The Bucs yielded 277 yards in the opening half, but three interceptions held Manning and the Giants in check.
After intermission, there was no relief in sight.
Manning threw for 295 yards in the second half, eluding Tampa Bay blitzers long enough to find Cruz and Hakeem Nicks repeatedly running open in the Meadowlands.
When the Bucs defense trudged off the field after facing 76 snaps in a 3-hour, 23-minute slugfest, Tampa Bay had allowed 604 total yards – the most in the history of the franchise.
"We had some good takeaways, but those turnovers also covered up a lot of stuff we didn't do today,'' said DT Gerald McCoy, who spent a quiet afternoon trying to pressure Manning. "We've got to learn to keep our foot on the gas.''
Cruz and Nicks were targeted 32 times and combined for 21 catches and 378 yards, with one touchdown reception apiece.
Giants TE Martellus Bennett, brother of Bucs DE Michael Bennett, added five catches for 72 yards, including a 33-yard score that put the Giants briefly ahead 34-27 with 3:59 left.
"We knew it would be a dogfight and they made one more play than us,'' said Bucs CB Aqib Talib, who registered eight tackles and four passes defensed while frequently matched up in one-on-one coverage with Nicks. "It was our job to stop them and we didn't do it often enough.''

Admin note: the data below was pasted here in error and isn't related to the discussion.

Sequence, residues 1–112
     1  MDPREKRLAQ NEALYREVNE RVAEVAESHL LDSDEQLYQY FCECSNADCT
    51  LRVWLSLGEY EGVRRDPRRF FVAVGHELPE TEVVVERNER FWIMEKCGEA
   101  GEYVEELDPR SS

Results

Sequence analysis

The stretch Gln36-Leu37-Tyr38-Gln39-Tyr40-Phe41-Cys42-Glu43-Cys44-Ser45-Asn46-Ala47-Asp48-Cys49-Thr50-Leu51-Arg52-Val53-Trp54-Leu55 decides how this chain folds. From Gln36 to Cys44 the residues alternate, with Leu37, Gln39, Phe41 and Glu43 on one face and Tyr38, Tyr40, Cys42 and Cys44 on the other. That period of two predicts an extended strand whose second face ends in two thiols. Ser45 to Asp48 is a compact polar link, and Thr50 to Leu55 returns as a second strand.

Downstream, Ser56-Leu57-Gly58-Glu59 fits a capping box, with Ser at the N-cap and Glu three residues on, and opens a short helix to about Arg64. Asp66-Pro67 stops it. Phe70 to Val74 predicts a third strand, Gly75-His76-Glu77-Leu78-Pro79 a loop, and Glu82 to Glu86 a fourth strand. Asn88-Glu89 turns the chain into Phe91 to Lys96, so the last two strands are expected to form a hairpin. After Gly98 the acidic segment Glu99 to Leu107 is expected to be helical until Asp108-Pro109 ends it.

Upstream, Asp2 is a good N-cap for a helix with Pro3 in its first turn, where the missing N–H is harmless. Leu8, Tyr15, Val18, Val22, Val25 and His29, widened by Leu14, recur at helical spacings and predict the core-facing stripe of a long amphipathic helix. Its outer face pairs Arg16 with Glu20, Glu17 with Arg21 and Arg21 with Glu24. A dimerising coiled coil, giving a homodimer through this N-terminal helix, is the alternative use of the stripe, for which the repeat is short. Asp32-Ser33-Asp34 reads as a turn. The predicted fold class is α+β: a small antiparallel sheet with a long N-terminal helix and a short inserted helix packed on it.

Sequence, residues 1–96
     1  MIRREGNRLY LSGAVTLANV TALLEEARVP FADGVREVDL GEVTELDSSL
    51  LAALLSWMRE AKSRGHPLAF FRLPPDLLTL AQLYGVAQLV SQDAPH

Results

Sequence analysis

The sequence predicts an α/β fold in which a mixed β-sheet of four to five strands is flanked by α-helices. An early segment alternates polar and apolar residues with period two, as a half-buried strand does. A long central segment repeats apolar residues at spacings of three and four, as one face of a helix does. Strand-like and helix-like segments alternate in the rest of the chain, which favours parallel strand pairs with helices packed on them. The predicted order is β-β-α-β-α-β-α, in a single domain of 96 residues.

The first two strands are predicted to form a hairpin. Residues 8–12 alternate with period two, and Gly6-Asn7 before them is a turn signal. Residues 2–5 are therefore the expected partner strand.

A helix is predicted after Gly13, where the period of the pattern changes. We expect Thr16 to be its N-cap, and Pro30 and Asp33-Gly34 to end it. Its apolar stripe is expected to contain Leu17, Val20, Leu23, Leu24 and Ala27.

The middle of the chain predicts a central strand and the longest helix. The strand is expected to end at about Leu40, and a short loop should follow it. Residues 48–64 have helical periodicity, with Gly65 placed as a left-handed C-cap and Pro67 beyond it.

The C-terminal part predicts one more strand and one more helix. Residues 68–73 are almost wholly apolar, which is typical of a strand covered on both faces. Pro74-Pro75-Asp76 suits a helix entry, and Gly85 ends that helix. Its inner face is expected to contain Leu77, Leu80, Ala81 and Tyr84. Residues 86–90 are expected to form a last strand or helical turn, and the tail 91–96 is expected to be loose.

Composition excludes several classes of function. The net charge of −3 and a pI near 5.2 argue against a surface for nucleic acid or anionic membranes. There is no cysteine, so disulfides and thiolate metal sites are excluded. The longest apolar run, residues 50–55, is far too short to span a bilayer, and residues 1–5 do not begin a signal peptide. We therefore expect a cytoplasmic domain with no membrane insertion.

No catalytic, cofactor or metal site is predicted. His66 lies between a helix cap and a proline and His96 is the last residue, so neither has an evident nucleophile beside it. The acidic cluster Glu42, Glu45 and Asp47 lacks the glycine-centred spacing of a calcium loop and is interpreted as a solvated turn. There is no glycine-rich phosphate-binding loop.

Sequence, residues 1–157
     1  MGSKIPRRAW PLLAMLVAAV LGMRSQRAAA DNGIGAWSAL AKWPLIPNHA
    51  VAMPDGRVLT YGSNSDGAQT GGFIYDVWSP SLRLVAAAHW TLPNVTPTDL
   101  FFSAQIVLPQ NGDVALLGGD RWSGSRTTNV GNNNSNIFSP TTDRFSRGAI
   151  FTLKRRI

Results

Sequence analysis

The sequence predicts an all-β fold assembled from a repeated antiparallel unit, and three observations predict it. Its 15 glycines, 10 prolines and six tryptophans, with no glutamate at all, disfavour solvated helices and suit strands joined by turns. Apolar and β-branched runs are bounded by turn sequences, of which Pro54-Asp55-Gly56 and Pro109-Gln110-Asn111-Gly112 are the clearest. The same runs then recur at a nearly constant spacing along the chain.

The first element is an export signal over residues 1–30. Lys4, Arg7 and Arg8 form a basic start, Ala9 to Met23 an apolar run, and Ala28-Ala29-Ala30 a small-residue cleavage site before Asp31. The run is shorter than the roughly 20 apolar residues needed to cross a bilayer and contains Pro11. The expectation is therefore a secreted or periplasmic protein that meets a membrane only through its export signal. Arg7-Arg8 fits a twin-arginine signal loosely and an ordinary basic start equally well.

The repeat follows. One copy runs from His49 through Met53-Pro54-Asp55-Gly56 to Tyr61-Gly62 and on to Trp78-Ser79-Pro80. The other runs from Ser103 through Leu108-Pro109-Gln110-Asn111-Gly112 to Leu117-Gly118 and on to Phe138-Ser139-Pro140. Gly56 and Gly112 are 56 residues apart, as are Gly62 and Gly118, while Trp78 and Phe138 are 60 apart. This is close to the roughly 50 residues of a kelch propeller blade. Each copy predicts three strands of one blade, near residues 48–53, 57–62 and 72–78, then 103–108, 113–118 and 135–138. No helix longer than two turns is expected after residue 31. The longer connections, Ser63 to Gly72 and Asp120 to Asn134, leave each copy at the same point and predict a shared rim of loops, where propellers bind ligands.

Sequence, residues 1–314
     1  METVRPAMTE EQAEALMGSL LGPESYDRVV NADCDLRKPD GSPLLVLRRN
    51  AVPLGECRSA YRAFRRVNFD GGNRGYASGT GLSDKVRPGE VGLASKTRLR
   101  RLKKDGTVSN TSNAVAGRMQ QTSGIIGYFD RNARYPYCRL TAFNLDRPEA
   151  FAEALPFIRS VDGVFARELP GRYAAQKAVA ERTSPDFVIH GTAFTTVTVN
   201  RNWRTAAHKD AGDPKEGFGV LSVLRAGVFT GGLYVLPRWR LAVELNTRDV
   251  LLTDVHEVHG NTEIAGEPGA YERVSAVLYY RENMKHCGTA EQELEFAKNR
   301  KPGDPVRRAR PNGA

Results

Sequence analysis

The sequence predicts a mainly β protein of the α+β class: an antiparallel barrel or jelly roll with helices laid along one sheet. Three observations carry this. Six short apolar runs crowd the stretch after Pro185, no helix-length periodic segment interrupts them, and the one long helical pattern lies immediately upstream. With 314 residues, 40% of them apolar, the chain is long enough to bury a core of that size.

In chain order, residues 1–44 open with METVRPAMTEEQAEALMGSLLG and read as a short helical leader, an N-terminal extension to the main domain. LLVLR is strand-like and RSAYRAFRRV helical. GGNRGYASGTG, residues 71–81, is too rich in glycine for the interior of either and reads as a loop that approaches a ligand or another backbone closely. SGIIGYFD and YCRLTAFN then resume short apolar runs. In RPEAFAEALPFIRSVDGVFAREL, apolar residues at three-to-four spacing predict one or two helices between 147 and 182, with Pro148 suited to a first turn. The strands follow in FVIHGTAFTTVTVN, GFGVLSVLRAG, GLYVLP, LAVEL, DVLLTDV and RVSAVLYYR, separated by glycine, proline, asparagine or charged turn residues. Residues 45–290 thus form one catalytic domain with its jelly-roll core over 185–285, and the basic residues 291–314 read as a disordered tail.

Wright makes dazzling detours
With the Giants driving late in the opening half, Bucs CB Eric Wright stepped in front of an Eli Manning pass and returned to his roots.
Wright fooled the veteran quarterback by faking a blitz on third down and intercepting a delivery intended for WR Victor Cruz in the left flat at the Tampa Bay 40-yard line.
"I was actually blitzing off the edge, but I figured Manning would read out of it and throw it hot,'' said Wright, who joined the Bucs as a free agent from Detroit in March. "Instead, I jumped the pass and picked it off. Then I had to get to the house.''
Before reaching the house, Wright took a few dazzling detours.
He cut back to the middle of the field and then broke back to the right sideline before completing a 60-yard return that put Tampa Bay ahead 24-13 with only eight seconds remaining in the second quarter.
"Wright was in the right coverage on that play,'' Bucs LB Lavonte David said. "And his run after the interception … that was awesome.''
Wright shrugged off his highlight-reel return.
"I've played running back my whole life,'' said Wright, who ran for 1,166 yards and 17 TDs as a senior at Archbishop Riordan High in San Francisco. "I've been there before.''
The afternoon started off in brutal fashion for Manning, a two-time Super Bowl MVP.
Wright, CB Brandon McDonald and MLB Mason Foster each picked off a Manning pass in the first half and all three miscues led to Bucs touchdowns.
But Manning, who has never thrown more than four interceptions in an NFL game, found his rhythm after intermission and finished with 510 yards, the second-most passing yards in Giants history.